Marine and Coastal Processes

Canada has the longest coastline in the world, and 40% of its landmass lies under the ocean. Evaluating the resource potential and assessing the natural hazards on its submerged lands, and understanding the geological composition and environmental sensitivity of its coastlines, are an integral part of NRCan’s scientific research. NRCan’s scientists study the deep structure of Canada’s passive continental margins to identify prospective areas for oil and gas exploration. They also study active spreading ridges and subduction zones to better understand plate tectonic processes and the mechanisms of earthquake generation. Seafloor surveys, carried out in conjunction with the Canadian Hydrographic Service, reveal regions where the seafloor may be unstable. Such regions may be prone to underwater landslides, which may generate tsunamis and may damage underwater infrastructure, such as oil rigs and power lines.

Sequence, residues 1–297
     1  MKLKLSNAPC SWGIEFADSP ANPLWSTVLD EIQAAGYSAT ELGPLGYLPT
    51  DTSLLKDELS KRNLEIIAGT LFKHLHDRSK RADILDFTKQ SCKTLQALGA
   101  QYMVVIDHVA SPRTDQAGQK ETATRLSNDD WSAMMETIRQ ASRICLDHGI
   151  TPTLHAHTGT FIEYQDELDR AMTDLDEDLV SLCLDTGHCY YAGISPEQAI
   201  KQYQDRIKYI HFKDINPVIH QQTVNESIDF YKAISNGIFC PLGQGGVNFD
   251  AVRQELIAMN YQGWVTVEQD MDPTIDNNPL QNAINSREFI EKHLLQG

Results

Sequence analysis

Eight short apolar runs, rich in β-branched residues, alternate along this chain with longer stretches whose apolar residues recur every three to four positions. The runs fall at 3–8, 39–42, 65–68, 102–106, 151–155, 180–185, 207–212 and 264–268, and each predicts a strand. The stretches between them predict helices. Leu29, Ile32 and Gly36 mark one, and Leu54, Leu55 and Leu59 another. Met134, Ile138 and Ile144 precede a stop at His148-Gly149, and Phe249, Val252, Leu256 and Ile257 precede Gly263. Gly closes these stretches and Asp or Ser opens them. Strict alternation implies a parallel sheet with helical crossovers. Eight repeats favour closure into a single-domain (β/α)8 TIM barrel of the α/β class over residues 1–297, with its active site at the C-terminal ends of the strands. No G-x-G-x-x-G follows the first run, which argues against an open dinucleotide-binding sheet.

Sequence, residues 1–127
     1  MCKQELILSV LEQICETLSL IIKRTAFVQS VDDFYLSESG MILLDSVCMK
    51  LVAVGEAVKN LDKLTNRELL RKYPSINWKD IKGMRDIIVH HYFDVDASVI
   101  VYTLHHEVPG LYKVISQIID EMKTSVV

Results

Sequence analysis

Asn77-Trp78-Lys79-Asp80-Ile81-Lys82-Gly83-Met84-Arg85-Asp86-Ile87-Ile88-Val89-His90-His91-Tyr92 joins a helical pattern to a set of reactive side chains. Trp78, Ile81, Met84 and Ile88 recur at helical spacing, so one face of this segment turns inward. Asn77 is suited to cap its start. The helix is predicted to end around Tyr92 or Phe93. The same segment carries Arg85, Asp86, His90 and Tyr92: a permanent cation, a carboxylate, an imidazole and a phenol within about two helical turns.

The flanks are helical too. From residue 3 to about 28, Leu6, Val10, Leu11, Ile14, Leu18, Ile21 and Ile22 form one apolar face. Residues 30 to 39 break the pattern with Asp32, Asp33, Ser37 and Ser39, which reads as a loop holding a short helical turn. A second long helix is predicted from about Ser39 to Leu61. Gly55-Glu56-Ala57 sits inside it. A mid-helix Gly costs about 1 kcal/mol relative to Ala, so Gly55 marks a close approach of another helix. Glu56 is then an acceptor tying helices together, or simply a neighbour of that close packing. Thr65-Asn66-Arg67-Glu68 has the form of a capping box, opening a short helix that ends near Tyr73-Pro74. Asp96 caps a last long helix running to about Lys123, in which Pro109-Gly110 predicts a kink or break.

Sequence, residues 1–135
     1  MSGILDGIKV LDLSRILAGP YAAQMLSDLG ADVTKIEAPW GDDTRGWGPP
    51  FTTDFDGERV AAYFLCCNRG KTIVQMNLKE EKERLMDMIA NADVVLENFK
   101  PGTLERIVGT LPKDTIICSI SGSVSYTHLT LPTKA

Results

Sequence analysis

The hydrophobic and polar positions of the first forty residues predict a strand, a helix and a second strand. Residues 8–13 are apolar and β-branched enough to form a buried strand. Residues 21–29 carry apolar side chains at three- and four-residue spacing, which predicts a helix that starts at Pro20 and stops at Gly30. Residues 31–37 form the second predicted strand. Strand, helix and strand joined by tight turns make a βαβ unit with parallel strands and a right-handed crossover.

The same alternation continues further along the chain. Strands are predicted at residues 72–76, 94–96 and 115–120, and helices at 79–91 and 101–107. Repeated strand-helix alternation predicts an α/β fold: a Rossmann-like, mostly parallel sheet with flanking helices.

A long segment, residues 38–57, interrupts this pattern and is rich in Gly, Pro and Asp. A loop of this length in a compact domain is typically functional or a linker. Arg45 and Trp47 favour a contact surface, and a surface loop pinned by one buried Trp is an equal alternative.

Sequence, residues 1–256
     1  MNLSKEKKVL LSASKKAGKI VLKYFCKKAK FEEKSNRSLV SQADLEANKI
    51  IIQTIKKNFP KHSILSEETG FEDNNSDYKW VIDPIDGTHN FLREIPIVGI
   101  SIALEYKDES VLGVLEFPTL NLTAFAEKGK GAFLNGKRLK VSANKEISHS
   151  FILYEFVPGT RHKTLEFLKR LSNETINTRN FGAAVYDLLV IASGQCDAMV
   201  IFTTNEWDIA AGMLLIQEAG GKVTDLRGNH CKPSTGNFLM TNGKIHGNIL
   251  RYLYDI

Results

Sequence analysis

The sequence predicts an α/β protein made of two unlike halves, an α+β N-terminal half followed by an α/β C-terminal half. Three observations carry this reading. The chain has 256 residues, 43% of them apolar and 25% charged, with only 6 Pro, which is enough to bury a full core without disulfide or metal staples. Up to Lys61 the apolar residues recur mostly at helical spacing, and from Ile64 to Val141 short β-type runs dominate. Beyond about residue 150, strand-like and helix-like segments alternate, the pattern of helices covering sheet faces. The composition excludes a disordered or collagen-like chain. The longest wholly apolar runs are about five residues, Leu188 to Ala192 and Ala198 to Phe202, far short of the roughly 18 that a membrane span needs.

Rivers and streams erode gravel, sand, silt and clay particles and transport them to the ocean. When these sediments arrive in the ocean at river mouths they are dispersed along the coast or towards the offshore and are eventually deposited on beaches, tidal flats or on the seafloor. An understanding of the sensitivity of coastlines to the environment requires knowledge of the geological materials comprising coastlines and an understanding of the evolution of coastal landforms. Sedimentary rocks host economically-important oil and gas reserves and their interpretation depends on a fundamental understanding of sediment dispersal processes and deposits. Many ocean management issues and geohazard assessments also depend on detailed studies of sedimentary processes. Canadian coastlines host concentrations of people and structures that are sensitive to changing coastlines and to sea level. NRCan actively conducts research in these areas to facilitate responsible resource development and reduce the risks to people and infrastructure.


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